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Almost all the dust on Mars comes from one place



Mars is the fourth planet of our sun and is famous for its exquisite reddish appearance. The surface of Mars is very cold and dry and covered with iron oxide-rich dust, giving the planet its iconic red color.

Recently researchers have observed a new fascinating fact about the Martian surface and the dust on it. The dust, which is abundant on the Martian surface, mostly comes from a single source and the source is near the equator of the Red Planet. This thousand kilometer long geological formation is called Medusae Fossae Formation. The composition of this feature is similar to that of dust in the Martian atmosphere.

"Mars would not be nearly as dusty if there were not this huge deposit that gradually erodes over time and essentially pollutes the planet," said co-author Kevin Lewis of Johns Hopkins University.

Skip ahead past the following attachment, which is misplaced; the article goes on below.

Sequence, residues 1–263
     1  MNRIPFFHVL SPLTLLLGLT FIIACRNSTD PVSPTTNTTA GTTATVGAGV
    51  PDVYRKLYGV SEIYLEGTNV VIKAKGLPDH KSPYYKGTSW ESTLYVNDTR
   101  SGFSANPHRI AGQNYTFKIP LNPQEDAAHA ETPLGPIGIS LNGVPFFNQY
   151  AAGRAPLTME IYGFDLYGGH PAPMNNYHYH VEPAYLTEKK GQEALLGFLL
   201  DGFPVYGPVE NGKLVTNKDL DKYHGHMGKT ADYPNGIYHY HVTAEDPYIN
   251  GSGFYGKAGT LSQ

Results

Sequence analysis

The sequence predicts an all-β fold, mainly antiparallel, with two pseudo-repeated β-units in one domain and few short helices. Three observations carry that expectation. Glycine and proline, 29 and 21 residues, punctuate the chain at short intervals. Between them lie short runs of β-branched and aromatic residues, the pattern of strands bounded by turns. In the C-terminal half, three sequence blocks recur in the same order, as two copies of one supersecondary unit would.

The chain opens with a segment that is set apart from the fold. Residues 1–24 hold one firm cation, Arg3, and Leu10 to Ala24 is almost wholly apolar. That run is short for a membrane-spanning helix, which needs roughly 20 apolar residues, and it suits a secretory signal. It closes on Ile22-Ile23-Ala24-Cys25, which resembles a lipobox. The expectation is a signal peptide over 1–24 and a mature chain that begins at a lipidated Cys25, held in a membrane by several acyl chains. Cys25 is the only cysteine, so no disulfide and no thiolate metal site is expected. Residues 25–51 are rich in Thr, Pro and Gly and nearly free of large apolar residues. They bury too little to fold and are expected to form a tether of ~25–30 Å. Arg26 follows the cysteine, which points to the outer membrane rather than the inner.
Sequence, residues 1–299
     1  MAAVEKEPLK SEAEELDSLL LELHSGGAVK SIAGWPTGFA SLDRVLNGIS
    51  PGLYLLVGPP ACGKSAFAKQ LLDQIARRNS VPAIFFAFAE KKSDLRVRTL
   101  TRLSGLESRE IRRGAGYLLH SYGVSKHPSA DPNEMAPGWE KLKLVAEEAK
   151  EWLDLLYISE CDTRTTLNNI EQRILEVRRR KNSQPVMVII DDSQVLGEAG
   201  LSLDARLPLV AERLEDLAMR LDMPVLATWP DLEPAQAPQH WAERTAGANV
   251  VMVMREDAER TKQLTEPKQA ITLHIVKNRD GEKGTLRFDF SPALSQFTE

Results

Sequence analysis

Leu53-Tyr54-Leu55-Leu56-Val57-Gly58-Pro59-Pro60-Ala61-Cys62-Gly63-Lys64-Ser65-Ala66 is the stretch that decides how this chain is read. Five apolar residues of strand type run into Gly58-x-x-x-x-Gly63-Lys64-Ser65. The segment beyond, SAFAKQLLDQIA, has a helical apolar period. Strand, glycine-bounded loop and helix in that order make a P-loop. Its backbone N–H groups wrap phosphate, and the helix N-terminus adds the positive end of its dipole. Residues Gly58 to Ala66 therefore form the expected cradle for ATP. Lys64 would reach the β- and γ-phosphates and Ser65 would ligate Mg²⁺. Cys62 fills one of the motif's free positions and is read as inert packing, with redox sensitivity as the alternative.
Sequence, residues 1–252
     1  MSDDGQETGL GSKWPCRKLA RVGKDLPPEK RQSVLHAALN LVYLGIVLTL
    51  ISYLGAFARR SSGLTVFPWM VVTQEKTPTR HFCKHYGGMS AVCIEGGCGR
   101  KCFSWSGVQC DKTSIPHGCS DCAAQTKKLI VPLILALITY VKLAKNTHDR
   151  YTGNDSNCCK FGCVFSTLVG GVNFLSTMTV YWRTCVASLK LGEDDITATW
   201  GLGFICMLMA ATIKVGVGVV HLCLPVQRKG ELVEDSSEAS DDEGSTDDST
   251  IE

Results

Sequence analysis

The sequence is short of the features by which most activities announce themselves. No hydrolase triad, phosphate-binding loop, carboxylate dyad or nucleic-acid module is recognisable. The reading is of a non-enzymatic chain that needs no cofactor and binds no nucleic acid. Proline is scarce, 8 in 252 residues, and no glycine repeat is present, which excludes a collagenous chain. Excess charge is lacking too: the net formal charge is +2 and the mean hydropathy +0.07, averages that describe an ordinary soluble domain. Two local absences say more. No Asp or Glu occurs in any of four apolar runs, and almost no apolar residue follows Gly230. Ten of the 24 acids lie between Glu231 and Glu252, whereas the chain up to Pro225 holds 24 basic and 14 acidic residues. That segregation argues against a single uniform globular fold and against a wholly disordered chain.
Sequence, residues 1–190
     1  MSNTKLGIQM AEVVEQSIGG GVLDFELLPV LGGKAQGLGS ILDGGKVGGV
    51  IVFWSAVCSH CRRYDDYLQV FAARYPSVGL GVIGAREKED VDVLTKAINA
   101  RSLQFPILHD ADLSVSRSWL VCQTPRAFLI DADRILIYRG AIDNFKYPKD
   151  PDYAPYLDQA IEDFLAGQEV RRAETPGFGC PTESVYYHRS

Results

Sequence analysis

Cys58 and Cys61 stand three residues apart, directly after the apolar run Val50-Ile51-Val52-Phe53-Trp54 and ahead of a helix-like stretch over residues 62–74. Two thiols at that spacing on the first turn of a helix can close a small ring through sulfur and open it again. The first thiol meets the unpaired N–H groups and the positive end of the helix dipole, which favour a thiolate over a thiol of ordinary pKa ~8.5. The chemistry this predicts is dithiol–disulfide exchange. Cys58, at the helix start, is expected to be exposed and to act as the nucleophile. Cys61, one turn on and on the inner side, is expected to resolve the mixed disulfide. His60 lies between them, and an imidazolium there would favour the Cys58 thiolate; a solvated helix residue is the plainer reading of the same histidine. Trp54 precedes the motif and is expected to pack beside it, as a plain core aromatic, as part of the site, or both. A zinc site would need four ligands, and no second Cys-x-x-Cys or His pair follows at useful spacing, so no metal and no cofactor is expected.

As Neighboring Planets Earth and Mars have many things in common, both of which have a similar rocky composition and structure and both orbiting the Sun within their circumstellar habitable zone, and even Mars once had water on its surface that has probably contributed to the global dust reservoir on the planet. 1

9659003] On Earth, dust is separated from soft rock formations by forces such as wind, water, glaciers, volcanoes, and meteor impacts, but that's not the case with Mars. Today's Mars is geologically inactive and very inhospitable.

Mars so much dust because none of these processes are active on Mars? "The lead author of the study, Lujendra Ojha, said:

To answer this question, the researchers investigated the chemical composition of mossy dust. Lander and Rover far apart on the planet showed that dust is enriched with sulfur and chlorine all over Mars. When the researchers examined the data collected by the spacecraft Mars Odyssey, they were also able to determine their source. They found that Medusae Fossae Formation on Mars has a wealth of sulfur and chlorine. Its ratio also coincides with the very different sulfur-to-chlorine ratio found in marshmallow.

Expert Kevin Lewis says. "It only potentially explains a great deal of how Mars has reached its current state."


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